The counterfactual history novel in nineteenth-century British literature
Although scholarship has long since established the history novel’s general course, few critical readings of the history novel address the innovative means through which writers could manipulate the use of history within these novels. Nor, for that matter, have many scholars considered the relationship between the slow decline of this form of literature as a consequence of the combined effect of the rise of historical studies as a serious academic discipline during the 1830s, and the growing trend for the realist novel throughout the following decades. My dissertation explores how Britons’ fascination with history not only shaped the progress of the history novel throughout the nineteenth century, but also directly influenced a specific type of narrative within this developing subgenre: the counterfactual history novel. As the precursor to the alternative history novel, the counterfactual history novel asks readers to consider plausible alternative outcomes to a historical event but goes no further than requesting that act of contemplation. It is worth taking the long view when considering the history novel, as it was—and is—an important form for literary experimentation and interdisciplinary discussion. While this project’s immediate goal is to establish the significance of the counterfactual history novel’s rise, its broader objective is to reassess the history novel’s place in nineteenth-century British literary culture. By arguing that the history novel—via the counterfactual history novel—played a crucial role in the development of nineteenth-century Britons’ historical consciousness, this dissertation expands our awareness of how widely history and literature were transformed over the course of this century. It is through the variable medium of the counterfactual history novel that history novelists were able to expand the boundaries of the history novel and, in doing so, assist in the creation of a new literary subgenre, speculative fiction.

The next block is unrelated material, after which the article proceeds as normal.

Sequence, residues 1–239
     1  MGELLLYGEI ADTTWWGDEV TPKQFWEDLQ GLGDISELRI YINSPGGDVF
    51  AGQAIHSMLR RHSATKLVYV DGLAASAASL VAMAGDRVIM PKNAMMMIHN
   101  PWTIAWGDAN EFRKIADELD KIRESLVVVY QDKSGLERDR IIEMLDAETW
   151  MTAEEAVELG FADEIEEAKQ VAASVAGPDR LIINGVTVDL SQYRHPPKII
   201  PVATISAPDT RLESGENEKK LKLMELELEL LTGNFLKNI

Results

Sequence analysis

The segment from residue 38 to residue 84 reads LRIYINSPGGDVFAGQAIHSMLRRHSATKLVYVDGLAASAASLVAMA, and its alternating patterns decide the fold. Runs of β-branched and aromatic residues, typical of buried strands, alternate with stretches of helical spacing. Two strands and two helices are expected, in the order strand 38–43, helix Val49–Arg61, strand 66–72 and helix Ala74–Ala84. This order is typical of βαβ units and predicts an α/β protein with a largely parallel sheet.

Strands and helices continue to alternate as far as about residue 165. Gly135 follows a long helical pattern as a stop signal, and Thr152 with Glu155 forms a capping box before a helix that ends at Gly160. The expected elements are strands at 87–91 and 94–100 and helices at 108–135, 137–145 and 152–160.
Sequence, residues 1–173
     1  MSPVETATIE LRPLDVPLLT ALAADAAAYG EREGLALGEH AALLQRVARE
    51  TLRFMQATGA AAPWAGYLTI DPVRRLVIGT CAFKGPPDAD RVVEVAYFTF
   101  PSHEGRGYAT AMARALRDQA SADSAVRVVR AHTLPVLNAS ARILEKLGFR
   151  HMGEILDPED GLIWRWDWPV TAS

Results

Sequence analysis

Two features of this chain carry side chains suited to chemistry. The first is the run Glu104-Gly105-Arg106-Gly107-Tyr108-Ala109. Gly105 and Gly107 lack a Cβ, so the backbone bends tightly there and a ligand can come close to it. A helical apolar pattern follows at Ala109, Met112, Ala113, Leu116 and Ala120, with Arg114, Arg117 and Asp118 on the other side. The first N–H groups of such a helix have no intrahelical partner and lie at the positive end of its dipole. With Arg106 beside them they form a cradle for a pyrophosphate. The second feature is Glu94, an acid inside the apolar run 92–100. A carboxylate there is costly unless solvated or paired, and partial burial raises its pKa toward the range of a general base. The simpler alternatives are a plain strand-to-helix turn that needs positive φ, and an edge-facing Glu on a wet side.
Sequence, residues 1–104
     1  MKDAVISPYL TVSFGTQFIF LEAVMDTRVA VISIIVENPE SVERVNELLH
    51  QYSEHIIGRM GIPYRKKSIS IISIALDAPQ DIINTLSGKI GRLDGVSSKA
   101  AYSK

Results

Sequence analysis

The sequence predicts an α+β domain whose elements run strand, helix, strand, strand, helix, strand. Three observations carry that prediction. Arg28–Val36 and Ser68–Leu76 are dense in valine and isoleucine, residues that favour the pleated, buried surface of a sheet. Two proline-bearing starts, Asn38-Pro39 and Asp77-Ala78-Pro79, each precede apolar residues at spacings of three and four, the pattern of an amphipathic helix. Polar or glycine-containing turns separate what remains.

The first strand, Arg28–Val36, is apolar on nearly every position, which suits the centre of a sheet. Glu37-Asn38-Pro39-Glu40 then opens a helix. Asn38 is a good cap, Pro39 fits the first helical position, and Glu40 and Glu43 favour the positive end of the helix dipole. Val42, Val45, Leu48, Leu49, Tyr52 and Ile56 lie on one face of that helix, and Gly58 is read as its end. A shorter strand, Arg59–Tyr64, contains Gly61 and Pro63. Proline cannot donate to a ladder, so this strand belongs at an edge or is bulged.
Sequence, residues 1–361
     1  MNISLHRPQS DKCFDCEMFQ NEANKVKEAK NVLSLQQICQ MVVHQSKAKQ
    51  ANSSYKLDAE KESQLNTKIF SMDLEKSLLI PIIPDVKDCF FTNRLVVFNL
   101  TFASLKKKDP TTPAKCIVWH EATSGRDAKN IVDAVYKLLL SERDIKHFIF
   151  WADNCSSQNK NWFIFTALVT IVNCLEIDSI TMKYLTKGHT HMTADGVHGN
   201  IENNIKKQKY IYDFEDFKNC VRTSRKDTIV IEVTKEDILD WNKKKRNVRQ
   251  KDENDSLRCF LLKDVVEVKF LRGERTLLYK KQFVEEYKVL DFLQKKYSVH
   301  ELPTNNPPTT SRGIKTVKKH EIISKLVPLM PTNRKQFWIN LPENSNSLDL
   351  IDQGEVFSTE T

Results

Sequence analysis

Powell, Purdue University.
European history|British and Irish literature
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